Oh trust me I know all about shrimp being crazy climbers. My plan if I kept the 40s would be to get a 2inch thick piece of foam that I would mold to the shape of the glass so it would be snug again the glass so hopefully absolutely no chance of escapees to the other sides. I would set these tanks to be practically airtight except for heater cord and air line. However that brings up another question, if I had just one heater per tank that could heat the tank up to around 71-72 degrees would there be a heat distribution problem because it would have to be in one of the sections? I would want to use a heater bc from personal experience I have had much more success keeping the tank around 71-74 degrees vs in the high 60s.

I am definitely aware of the risk of an entire tank crash but so far have not experienced anything like that. Just to be prepared what are some tips to avoid an entire tank crash or is it all stuff like basic maintenance and obviously washing off soaps and such from your hands?

My final thing why I am more so with using the 2 40s is because the stand that holds them perfectly supports the frame of a 40g. What I mean by that is it fits snuck, I'm not sure if I am explaining this correctly but think of it like a box and nothing can go outside of the box. I don't know tanks that would work with those dimensions.

Thank you @Zoidburg and @Blueridgereef for your responses
 

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The rest of your questions are beyond my knowledge as I don't have any experience there. One thought is that you could do a false back for filtration and heating purposes, just enough to fit heater and filter in the back. Alternatively, you could plumb the tanks and set up a sump. This may be more difficult when you have two tanks on one stand but there are different styles of sumps. You would have intake and outtake on opposite ends of the tank.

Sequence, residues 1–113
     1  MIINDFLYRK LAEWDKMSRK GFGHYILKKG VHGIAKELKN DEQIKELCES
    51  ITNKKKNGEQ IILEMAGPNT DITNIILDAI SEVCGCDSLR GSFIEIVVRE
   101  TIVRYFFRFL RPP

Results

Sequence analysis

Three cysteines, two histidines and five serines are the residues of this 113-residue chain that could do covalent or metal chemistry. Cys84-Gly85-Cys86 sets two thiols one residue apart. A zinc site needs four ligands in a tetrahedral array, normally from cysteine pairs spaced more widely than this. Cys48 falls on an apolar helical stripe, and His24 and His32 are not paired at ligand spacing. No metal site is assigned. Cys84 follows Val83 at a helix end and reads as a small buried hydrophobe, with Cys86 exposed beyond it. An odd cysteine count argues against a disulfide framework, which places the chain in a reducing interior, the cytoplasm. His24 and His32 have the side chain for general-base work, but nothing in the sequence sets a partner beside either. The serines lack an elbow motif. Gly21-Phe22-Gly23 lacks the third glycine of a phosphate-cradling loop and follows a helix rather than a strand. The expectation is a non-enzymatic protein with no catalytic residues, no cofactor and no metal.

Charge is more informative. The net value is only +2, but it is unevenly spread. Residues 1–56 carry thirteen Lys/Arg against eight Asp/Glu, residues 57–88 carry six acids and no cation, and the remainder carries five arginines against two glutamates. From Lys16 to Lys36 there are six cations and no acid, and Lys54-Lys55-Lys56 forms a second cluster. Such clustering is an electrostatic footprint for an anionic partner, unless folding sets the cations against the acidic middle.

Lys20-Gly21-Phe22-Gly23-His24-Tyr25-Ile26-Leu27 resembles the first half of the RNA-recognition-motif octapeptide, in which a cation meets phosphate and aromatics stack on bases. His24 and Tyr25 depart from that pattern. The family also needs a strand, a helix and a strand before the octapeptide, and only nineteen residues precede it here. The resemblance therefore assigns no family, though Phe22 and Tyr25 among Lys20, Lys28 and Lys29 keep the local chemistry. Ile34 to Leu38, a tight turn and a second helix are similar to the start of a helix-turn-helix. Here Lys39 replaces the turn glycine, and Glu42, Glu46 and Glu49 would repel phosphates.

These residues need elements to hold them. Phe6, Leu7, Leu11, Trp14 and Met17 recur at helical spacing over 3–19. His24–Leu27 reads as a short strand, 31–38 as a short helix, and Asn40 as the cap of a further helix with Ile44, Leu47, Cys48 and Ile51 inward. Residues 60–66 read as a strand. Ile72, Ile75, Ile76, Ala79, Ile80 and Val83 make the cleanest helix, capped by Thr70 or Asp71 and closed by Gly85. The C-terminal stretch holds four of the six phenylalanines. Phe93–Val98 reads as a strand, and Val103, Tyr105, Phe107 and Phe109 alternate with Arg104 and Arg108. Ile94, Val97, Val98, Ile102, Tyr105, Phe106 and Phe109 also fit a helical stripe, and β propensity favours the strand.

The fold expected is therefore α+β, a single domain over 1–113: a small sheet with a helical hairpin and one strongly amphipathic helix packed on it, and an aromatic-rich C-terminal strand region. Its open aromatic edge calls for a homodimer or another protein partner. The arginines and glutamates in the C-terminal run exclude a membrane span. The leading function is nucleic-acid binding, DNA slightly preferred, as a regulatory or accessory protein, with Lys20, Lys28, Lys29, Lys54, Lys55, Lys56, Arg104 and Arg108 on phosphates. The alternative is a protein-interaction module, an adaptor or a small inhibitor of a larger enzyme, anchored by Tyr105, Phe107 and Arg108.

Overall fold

I don't know how well this would work with thick sponges as it could vary based on how course the sponge is.
 

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Discussion Starter · #11 ·
The rest of your questions are beyond my knowledge as I don't have any experience there. One thought is that you could do a false back for filtration and heating purposes, just enough to fit heater and filter in the back. Alternatively, you could plumb the tanks and set up a sump. This may be more difficult when you have two tanks on one stand but there are different styles of sumps. You would have intake and outtake on opposite ends of the tank.

I don't know how well this would work with thick sponges as it could vary based on how course the sponge is.
I was thinking of doing a false back but I am still worried about the heating issue. I think the flow wouldnt really get to the other side of the tank either.
 

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With a false back, if you used the acrylic or glass idea with sections cut out in each area and covered with mesh, it would probably work? Would probably want an area at the bottom as well as at least the middle section of the false back cut out and covered in mesh. That, or do some long sections cut out to nearly span the entire length of the tank and cover those sections with mesh but then that might cause an issue with the sponge dividers? Might not.